Under 28 U.S.C. § 1412, " [a] district court may transfer a case or proceeding under title to a district court for another district, in the interest of justice or for the convenience of the parties." A decision to grant or deny a motion to transfer venue under § 1412 is committed to the discretion of the district court. Phillip Carey Mfg. Co. v. Taylor, 286 F.2d 782, 784 (6th Cir. 1961). Although § 1404 is similar, as it allows transfer for " the convenience of the parties and witnesses, in the interest of justice," there are notable differences. First, in § 1412, the " interest

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of justice: and " convenience of the parties" standards are disjunctive and separate, and transfer is appropriate even if only one is met. RFF Family P'ship, 2010 WL 420014 at *4. Also, an important difference relevant to the " interest of justice" analysis in § 1412 is that the interests of the bankruptcy estate, as opposed to the other litigants' interest, are paramount. Id.

The Defendants' contend that the District Court of Minnesota would serve as a more convenient and reasonable location for resolution of KFCC's claims in light of the ongoing Minnesota bankruptcy proceedings, KFCC's ongoing participation in those proceedings, and the resulting familiarity and convenience of the District Court of Minnesota with the parties, witnesses, facts, issues, documentation, and proof relevant to the KFCC's claims (DN 19-1). Defendants also argue that transferring the case to the District Court of Minnesota serves both the interest of justice and convenience of the parties. [12]

There is a split of authority between the Circuit Courts of Appeal regarding whether § 1412's provisions for transfer of cases " under title 11" applies to cases that are " related to" bankruptcy proceedings--as the term is used in 28 U.S.C. 1334(b)--or whether such cases should be analyzed under § 1404(a)'s general transfer provision. While the Sixth Circuit has not yet adopted a position on the issue, lower courts within the circuit have held that § 1412 governs the transfer of cases that are " related to" bankruptcy proceeding. Mello v. Hare, Wynn, Newell & Newton, LLP, No. 3:10-CV-243, 2010 WL 2253535, *3 (M.D. Tenn. May 30, 2010) (" the plain language of § 1412, read in the context of § 1409 and the legislative history of the venue provisions of the bankruptcy code, compel[s] the conclusion that congress [sic] intended § 1412 to apply to proceedings 'related to' a bankruptcy proceeding pursuant to 28 U.S.C. § 1334(b)." ); RFF Family P'ship, 2010 WL 420014 at *5.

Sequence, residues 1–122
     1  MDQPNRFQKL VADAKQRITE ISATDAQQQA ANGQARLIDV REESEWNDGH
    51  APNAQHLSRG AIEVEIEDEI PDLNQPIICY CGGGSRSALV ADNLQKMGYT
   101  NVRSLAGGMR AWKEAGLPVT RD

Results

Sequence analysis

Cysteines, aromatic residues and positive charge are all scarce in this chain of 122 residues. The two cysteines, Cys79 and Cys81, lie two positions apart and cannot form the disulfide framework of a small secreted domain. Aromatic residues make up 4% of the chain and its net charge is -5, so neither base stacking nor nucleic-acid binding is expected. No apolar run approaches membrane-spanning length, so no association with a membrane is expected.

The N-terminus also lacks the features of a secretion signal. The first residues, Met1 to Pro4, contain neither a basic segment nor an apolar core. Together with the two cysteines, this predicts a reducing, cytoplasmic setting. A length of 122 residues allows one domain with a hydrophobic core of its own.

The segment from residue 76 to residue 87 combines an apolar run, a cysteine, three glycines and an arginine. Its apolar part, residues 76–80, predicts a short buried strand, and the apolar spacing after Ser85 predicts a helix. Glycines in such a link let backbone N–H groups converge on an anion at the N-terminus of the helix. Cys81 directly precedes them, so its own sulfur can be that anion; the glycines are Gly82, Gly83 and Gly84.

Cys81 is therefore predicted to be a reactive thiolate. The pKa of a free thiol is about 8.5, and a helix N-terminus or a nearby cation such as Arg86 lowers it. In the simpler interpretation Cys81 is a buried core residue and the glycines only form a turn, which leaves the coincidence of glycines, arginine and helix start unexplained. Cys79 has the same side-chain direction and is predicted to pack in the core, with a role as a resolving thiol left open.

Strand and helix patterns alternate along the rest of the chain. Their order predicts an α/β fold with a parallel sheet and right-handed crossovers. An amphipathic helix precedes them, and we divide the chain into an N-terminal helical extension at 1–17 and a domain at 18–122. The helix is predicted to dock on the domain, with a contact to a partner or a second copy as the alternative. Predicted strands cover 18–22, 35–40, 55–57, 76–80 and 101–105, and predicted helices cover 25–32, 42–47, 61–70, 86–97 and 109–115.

The Defendants' contend that transfer under § 1412 is appropriate because KFCC's case is " related to" the Minnesota bankruptcy proceedings presently pending in the Bankruptcy Court for the District of Minnesota. They argue that KFCC's claims are inextricably interwoven with the parties, facts, and issues involved in those proceedings and could have a significant impact on the administration of the franchisee debtors' estates and reorganization plans (DN 19).

A. Transferring Venue When Claims are " Related To" a Bankruptcy Proceeding

28 U.S.C. § 1412 provides for transfer of cases or proceedings " under title 11." As we noted above, lower courts in the Sixth Circuit have held that a case falls within the purview of § 1412 if it is " related to" a bankruptcy proceeding as that term is used in § 1334(b). RFF Family P'ship, 2010 WL 420014 at *5. The Sixth Circuit explained in Robinson, that courts determine whether a case is " related to" bankruptcy proceedings by asking " whether the outcome of the proceeding could conceivably have any effect on the estate being administered in bankruptcy." Robinson v. Mich. Consol. Gas. Co., Inc., 918 F.2d 579, 583 (6th Cir. 1990) (emphasis in original). " [T]he proceeding need not necessarily be against the debtor or the debtor's property. An action is related to bankruptcy if the outcome could